Monday, February 05, 2007
For Bongi: mini - steps
Bongi, whose blog "Other things amanzi" is truly amazing and should be read by everyone for its look into a world most of us can't imagine, mentioned in a comment that he'd like to know details of how I did my mini-gallbladder operation. In his hospital in South Africa, they don't have laparoscopic equipment: for his situation, the "mini" makes enormous sense. So this post is specifically (but not exclusively) for him; I suppose I could have posted it in a comment on his blog, but I thought maybe others will find it of passing interest, for their own dark reasons. Bongi: my only advice would be to work your way slowly, over several patients, down to a really small incision. And don't hesitate to enlarge a very small one when you feel uncomfortable: it's amazing how much difference even a half-inch makes.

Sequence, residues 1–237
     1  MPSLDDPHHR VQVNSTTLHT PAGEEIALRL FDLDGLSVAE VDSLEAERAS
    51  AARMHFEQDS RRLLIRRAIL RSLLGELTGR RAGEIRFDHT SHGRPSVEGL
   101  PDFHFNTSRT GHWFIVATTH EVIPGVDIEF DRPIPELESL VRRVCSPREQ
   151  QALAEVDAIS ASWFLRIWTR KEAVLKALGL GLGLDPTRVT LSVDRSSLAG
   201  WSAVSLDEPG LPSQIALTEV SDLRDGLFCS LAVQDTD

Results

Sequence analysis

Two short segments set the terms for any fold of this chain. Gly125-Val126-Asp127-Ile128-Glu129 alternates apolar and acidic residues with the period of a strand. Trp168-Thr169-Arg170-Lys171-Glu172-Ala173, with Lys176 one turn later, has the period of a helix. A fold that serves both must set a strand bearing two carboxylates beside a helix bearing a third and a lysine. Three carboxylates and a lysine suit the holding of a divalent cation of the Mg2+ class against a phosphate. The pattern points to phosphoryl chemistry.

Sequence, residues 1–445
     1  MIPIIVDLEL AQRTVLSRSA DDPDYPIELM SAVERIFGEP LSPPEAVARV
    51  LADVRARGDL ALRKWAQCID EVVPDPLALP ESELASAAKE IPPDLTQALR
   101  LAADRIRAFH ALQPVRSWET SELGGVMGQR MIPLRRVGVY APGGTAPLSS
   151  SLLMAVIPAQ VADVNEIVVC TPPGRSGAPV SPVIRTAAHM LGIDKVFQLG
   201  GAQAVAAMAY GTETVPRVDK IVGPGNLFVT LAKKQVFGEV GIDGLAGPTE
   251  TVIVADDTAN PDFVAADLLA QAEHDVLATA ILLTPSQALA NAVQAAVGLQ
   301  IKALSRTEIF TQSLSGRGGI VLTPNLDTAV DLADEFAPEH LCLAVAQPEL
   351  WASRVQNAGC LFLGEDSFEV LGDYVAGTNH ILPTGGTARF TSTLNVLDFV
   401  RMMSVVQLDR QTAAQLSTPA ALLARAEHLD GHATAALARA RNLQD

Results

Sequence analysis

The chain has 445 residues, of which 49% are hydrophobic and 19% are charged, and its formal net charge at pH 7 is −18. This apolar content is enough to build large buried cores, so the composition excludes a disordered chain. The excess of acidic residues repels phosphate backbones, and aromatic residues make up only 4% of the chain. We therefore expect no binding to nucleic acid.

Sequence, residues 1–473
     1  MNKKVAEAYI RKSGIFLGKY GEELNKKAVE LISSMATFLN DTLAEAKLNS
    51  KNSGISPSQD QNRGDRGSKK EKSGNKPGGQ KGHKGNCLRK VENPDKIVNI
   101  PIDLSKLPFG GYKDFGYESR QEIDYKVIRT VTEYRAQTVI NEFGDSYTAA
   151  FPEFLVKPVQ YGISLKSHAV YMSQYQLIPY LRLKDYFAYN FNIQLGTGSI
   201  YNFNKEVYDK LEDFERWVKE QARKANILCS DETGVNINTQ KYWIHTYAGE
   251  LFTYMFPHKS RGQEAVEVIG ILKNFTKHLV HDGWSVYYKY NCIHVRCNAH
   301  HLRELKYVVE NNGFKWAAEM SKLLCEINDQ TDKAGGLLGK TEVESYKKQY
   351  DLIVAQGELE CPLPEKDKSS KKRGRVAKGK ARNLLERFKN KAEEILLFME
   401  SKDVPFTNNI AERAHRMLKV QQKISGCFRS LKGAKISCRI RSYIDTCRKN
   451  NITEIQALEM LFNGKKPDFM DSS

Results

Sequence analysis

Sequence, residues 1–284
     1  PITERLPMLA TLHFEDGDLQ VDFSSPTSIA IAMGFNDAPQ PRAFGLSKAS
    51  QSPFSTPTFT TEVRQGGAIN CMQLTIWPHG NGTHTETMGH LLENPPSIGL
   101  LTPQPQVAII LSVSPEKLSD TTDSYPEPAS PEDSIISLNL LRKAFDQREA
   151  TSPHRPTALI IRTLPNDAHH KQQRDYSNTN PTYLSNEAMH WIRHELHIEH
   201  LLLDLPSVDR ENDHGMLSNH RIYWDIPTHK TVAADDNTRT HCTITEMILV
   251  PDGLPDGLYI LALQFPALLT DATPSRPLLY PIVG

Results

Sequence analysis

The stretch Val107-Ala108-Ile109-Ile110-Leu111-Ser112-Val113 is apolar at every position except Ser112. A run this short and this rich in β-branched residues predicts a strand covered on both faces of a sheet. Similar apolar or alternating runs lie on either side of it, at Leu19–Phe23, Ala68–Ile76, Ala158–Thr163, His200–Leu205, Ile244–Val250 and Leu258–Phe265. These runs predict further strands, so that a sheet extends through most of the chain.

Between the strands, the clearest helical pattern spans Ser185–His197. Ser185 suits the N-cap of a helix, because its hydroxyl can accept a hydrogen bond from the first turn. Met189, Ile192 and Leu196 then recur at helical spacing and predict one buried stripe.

The following is a snippet from something I wrote when I first "retired," having in mind a booklet of tricks and tips for surgeons just beginning practice. (Pre-saging my book, I called it "Cutting Through the Fog" and sent it to a couple of friends in academe. They were luke-warm to warm on the idea of handing it out, but I never pursued it. So it sits in my hard-drive, all fifty pages or so.) (The links to pictures of instruments, etc, below, are for the enjoyment of the non-surgeon reader, should s/he find it amusing.)